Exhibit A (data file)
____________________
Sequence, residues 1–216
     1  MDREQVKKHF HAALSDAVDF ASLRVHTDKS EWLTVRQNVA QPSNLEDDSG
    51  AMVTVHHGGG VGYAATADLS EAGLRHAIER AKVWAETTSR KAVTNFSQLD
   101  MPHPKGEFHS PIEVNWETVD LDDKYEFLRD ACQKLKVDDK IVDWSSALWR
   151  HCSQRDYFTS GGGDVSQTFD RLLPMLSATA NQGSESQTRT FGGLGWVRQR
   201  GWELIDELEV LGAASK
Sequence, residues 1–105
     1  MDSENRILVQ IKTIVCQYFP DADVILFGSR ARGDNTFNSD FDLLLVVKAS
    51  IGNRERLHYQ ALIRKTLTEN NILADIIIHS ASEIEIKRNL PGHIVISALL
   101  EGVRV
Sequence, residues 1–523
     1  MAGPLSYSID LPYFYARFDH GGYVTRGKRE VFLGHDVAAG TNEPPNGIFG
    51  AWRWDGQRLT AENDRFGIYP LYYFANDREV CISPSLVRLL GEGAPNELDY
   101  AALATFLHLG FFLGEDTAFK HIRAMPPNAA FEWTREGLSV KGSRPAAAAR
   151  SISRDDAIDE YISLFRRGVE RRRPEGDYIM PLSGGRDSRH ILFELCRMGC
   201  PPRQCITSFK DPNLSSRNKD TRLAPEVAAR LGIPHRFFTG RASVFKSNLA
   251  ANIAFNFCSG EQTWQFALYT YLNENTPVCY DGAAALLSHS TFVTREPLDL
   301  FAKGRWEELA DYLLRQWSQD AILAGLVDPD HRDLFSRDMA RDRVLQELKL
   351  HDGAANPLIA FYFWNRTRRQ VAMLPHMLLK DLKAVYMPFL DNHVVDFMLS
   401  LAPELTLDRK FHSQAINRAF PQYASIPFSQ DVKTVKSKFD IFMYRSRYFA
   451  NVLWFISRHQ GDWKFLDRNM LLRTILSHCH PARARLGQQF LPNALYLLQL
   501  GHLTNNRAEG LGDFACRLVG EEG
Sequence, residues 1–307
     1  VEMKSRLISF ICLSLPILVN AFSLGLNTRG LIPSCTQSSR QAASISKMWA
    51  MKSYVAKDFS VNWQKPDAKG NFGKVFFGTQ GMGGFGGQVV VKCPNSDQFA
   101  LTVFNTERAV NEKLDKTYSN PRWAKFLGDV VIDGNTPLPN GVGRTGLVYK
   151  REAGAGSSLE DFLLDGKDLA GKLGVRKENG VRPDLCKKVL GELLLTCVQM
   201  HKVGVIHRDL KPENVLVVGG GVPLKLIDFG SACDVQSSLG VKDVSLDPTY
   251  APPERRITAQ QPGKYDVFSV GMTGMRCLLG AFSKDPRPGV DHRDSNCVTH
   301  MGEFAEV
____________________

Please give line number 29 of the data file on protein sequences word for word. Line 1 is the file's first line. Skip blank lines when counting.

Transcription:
   251  APPERRITAQ QPGKYDVFSV GMTGMRCLLG AFSKDPRPGV DHRDSNCVTH